Thus, to summarize, there are in fact a variety of different operational semantics for Mercury. In one of them, the strict sequential semantics, there is no nondeterminism — the behaviour is always specified exactly. Programs are executed top-down using SLDNF (or something equivalent), mode analysis does “minimal” reordering (in a precisely defined sense), function calls, conjunctions and disjunctions are executed depth-first left-to-right, and function evaluation is strict. All implementations are required to support the strict sequential semantics, so that a program which works on one implementation using this semantics will be guaranteed to work on any other implementation. However, implementations are also allowed to support other operational semantics, which may have non-determinism, so long as they are sound with respect to the declarative semantics, and so long as they meet a minimum level of completeness (they must be at least as complete as the strict commutative semantics, in the sense that every program which terminates for all possible orderings must also terminate in any implementation-defined operational semantics).
This compromise allows Mercury to be used in several different ways. Programmers who care more about ease of programming and portability than about efficiency can use the strict sequential semantics, and can then be guaranteed that if their program works on one correct implementation, it will work on all correct implementations. Compiler implementors who want to write optimizing implementations that do lots of clever code reorderings and other high-level transformations or that want to offer parallelizing implementations which take maximum advantage of parallelism can define different semantic models. Programmers who care about efficiency more than portability can write code for these implementation-defined semantic models. Programmers who care about efficiency and portability can achieve this by writing code for the strict commutative semantics. Of course, this is not quite as easy as using the strict sequential semantics, since it is in general not sufficient to test your programs on just one implementation if you are to be sure that it will be able to use the maximally efficient operational semantics on any implementation. However, if you do write code which works for all possible executions under the strict commutative semantics (i.e. for all possible orderings of conjunctions and disjunctions), then you can be guaranteed that it will work correctly on every implementation, under every possible implementation-defined semantics.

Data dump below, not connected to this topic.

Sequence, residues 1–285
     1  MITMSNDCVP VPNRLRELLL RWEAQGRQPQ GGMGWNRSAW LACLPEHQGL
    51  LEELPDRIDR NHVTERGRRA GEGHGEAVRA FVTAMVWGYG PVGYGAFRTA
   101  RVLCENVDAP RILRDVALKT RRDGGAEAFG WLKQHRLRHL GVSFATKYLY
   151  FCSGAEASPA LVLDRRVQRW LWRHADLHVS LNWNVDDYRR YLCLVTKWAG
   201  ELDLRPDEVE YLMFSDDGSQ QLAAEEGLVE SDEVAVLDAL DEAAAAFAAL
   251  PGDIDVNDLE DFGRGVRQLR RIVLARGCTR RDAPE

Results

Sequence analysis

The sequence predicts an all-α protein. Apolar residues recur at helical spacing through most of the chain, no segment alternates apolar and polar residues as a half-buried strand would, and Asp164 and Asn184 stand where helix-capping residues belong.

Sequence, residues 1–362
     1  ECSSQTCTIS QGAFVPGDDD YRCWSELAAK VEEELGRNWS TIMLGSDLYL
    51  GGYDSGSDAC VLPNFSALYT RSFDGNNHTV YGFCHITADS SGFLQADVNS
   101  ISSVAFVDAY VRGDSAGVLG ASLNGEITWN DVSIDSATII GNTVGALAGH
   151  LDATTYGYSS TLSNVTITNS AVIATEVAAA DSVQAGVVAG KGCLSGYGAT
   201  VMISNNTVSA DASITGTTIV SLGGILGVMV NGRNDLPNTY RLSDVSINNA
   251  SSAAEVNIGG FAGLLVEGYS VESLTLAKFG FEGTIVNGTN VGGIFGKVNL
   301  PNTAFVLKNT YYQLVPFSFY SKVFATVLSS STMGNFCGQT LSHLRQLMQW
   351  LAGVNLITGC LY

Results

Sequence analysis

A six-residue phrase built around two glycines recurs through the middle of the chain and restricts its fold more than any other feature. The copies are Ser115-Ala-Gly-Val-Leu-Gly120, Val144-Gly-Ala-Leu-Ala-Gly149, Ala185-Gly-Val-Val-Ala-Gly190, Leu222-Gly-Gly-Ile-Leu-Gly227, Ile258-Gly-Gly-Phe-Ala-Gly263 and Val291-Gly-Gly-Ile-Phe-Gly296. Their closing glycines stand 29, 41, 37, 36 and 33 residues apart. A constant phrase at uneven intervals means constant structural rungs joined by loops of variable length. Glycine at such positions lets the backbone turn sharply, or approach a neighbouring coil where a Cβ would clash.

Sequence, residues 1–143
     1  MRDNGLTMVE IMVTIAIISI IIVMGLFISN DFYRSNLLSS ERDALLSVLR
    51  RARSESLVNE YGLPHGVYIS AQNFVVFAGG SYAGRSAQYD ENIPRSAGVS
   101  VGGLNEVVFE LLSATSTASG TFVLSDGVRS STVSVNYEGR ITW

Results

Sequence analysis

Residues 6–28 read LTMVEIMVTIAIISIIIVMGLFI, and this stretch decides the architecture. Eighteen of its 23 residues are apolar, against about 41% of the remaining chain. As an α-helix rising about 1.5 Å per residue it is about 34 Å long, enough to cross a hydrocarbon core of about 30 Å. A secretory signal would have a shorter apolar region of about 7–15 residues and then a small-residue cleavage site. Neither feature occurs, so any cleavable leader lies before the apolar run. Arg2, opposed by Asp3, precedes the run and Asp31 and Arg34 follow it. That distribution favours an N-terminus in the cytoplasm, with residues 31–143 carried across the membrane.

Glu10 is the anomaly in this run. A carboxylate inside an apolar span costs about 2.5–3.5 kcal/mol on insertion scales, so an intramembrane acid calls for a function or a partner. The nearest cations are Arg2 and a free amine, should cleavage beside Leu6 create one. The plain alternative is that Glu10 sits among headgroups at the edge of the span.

The University of Melbourne Mercury implementation offers eight
different semantics, which can be selected with different
combinations of the ‘--no-reorder-conj’, ‘--no-reorder-disj’,
and ‘--no-fully-strict’ options.
(The ‘--no-fully-strict’ option allows the compiler to improve
completeness by optimizing away infinite loops and goals with determinism
The default semantics are the strict commutative semantics.
Enabling ‘--no-reorder-conj’ and ‘--no-reorder-disj’ gives the
strict sequential semantics.
Future implementations of Mercury may wish to offer other operational semantics. For example, they may wish to provide semantics in which function evaluation is lazy, rather than strict; semantics with a guaranteed fair search rule; and so forth.